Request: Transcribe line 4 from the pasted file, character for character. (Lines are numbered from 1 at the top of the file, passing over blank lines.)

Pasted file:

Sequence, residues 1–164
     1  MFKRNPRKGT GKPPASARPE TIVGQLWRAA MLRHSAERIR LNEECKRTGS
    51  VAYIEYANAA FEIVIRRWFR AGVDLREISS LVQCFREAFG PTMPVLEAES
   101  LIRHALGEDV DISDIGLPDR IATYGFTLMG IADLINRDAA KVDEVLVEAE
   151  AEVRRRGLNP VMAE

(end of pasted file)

   101  LIRHALGEDV DISDIGLPDR IATYGFTLMG IADLINRDAA KVDEVLVEAE